Construction projects warn that rising prices will also affect the EU system
Construction officials from all over Europe have warned that rising prices are “dangerous” and a shortage of more construction materials could jeopardize the EU’s 800bn economic growth program.
The EU construction sector makes up about 10% of the bloc’s capital and major projects make up the bulk of the Brussels fund, which distributes funds and loans to rebuilding the wealth of member states after the Covid-19 epidemic.
But prices for building materials from steel and wood to concrete and copper have risen sharply in recent weeks as economic growth in Europe and elsewhere – including the US and China – triggers domestic growth.
According to the European Construction Industry Federation (FIEC), tariff prices have risen by 15% in just three months, cement prices have risen by 10% in one month and prices have risen by more than 20%.
Construction projects often pay builders for delays, while contractors often have high prices.
Domenico Campogrande, director-general of the FIEC, has warned that rising prices and further delays put the EU’s financial risk at risk.
“The danger is that we have a huge repatriation plan in the EU but if 30 to 40% of this money is combined with other high-cost equipment, it could be worthless because it would not allow real wealth,” he said.
Mu a recent letter at the European Commission, the FIEC also mentioned an “alarm” on rising prices and declining arms embargoes, including double the price of Italian steel for concrete for four months until March.
“These developments are jeopardizing the construction industry’s economic recovery and threaten the viability of European programs,” he said.
In Italy – the largest beneficiaries of Brussels funding – the government plans to spend more than 100bn of its EU funding on construction over the next five years. But the construction industry has warned officials that it will not be able to handle the situation without major changes.
“We are facing a shortage of building materials and this is dangerous because Italy is hitting more than the rest of Europe,” said Flavio Monosilio, director general of the ANCE, an Italian construction company. “This crisis is at the core of the new EU sentiment.”
Construction supervisors blame a number of factors on the barriers, including the amount of temporary search that has passed availability of equipment in many countries, as well as the epidemic disruption to supply chains and continue trade disputes.
Other tools have been affected by other problems such as the spread of the virus that causes wood production, and delays the distribution of unused metal.
Thomas Birtel, chief of the Austrian construction company Strabag, said inflation “has risen sharply in the past two weeks” and the company had to “report the delay in construction because the materials are not available”.
Strabag, which built the Copenhagen Metro in Denmark and the Limerick Tunnel in Ireland, has its own concrete and bitumen machinery, but Birtel said: “Construction work is a small business and it is impossible to improve the supply chain.”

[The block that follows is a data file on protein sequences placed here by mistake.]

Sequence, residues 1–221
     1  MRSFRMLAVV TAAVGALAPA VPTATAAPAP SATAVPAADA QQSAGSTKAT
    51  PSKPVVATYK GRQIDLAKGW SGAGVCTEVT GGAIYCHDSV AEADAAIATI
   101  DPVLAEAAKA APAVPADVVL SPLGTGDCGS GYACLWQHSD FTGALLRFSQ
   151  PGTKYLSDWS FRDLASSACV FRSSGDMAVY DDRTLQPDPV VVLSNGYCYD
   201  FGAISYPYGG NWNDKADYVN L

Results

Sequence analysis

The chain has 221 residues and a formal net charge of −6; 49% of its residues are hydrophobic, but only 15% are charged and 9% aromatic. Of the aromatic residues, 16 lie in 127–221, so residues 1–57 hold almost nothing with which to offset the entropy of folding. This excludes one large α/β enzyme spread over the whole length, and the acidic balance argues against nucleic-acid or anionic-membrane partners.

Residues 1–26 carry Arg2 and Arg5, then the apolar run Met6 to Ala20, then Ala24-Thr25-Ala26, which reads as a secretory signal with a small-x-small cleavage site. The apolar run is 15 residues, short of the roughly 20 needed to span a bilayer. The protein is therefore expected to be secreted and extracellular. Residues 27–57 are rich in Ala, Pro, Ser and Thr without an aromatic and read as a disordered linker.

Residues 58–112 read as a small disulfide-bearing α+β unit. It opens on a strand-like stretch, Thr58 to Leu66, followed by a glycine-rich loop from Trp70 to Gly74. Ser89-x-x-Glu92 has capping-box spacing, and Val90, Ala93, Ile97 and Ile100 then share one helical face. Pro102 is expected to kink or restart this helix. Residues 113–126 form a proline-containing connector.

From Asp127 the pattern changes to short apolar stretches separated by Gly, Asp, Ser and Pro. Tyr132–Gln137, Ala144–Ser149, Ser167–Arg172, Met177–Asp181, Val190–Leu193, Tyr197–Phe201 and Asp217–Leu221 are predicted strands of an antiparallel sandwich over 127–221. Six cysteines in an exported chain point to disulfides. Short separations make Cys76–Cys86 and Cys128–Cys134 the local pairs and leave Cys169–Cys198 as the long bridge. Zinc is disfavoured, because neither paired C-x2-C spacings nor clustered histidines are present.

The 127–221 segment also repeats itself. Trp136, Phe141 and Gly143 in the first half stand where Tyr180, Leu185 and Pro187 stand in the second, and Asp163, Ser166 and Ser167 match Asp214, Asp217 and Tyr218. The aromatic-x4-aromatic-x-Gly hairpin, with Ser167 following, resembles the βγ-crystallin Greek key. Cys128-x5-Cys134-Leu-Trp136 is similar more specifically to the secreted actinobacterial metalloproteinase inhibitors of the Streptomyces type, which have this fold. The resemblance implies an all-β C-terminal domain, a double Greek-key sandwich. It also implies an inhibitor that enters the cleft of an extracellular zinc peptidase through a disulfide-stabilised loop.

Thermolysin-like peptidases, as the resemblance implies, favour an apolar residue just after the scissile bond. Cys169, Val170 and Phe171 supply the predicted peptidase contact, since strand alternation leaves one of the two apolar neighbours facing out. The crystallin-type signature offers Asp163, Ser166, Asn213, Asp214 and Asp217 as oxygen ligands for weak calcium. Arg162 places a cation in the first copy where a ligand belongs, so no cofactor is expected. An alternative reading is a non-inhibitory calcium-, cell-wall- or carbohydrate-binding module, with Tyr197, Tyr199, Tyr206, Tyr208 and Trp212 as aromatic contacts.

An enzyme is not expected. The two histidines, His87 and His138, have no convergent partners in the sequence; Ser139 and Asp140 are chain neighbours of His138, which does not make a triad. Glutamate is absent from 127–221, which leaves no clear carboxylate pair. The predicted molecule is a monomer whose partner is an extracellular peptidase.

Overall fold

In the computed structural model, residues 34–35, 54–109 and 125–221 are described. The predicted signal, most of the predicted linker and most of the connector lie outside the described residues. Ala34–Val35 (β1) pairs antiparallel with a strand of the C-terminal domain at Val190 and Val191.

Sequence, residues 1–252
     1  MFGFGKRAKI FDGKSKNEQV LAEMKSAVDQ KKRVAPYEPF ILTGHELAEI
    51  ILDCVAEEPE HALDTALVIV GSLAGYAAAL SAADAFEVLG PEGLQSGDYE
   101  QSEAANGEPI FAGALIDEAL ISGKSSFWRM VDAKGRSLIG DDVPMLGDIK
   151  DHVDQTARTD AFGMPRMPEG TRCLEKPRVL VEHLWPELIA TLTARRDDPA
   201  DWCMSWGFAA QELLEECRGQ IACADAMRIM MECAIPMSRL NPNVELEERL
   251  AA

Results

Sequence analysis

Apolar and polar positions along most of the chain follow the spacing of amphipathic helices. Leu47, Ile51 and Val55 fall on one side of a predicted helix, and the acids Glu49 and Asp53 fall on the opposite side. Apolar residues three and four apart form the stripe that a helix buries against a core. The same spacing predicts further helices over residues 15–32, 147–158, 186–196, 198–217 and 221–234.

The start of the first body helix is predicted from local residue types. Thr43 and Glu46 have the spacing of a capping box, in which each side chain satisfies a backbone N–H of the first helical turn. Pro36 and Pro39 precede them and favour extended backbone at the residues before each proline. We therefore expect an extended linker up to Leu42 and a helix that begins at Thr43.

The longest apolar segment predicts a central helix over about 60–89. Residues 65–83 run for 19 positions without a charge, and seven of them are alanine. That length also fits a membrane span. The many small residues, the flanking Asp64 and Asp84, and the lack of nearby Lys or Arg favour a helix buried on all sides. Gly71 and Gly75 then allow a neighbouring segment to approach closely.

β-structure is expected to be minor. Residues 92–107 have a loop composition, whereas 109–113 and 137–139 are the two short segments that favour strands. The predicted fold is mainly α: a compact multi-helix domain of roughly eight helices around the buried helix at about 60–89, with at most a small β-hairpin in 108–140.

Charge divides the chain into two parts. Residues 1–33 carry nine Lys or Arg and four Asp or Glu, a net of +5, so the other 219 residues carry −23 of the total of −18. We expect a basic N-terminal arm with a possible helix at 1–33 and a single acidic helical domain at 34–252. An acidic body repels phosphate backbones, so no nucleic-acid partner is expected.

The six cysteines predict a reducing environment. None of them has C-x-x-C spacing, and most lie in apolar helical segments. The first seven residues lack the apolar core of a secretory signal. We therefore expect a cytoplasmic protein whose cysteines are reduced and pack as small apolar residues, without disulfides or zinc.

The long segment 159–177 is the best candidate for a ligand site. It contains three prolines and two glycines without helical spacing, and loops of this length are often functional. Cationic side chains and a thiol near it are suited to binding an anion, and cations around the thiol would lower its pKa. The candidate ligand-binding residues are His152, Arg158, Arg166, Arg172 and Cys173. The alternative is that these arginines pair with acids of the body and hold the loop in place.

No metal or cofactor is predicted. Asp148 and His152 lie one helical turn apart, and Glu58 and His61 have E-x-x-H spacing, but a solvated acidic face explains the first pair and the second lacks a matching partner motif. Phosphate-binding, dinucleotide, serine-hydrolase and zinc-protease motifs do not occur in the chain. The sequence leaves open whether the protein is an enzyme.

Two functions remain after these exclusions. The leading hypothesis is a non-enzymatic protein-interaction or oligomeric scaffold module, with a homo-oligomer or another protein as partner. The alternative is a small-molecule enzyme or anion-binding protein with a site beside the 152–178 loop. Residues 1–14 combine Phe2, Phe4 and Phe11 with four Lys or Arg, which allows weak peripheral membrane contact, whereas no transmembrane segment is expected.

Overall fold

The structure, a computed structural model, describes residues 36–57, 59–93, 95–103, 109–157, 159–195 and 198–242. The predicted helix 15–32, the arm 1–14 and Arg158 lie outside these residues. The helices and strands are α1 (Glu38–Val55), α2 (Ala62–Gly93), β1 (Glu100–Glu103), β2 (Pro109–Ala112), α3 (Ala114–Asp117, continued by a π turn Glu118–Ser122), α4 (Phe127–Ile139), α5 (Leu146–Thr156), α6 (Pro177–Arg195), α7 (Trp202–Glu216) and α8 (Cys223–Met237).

In Germany, 44% of construction companies surveyed by the Ifo Institute in May also reported difficulty finding items on time, up from less than 6% in March.
“We haven’t seen a barrier since 1991,” Felix Leiss told Ifo. “This seems to have led to a reduction in construction in April, perhaps for a while.”
Production in German construction companies fell by 4.3% in April since last month, although the former companies said they had not returned to 62bn in March.
“Many manufacturers fail to deliver the product in less than a year and this is a serious problem,” said Stephan Rabe of a German business group. “Most of the money is spent on government and state construction projects in the US and China and this is absorbing a lot of resources. Wood timber is manufactured in Germany and exported to the US, then it is in short supply here. ”
Some German politicians have called on Berlin to ask the EU for foreign and other foreign weapons.
As the US government plans to launch $ 1.7tn construction and global economic growth is expected find directions, the challenges are expected to remain major in the coming months.
“It will take time to get back to normal – by the end of the year,” Campogrande said.
Some countries, such as France and Germany, have responded by lowering restrictions on certain building codes, reducing delays, and reimbursing contractors at higher prices.
Monosilio said Rome would continue to provide any assistance to the project, which has been plagued by a decade-long collapse of investment, a lack of funds in banks and temporary delays in the approval and payment of the project.
Italian Prime Minister Mario Draghi says “where the world is going” depends on the success of a A package of € 248bn finances and reforms are mainly funded by the EU’s Recovery and Resilience Plan. It also includes the sale of high-speed railways, power stations, smart grids and power houses.
EU countries have no history of revenue sharing; in the six years to 2020, they only spent less than half of the money they were given by Brussels.
With no change to address the construction crisis in Italy, Monosilio said similar challenges could cause the EU to spend more money.
“The Draghi government really wants to address this issue,” he said. “[But] and the Damocles sword that hangs over all of Europe. ”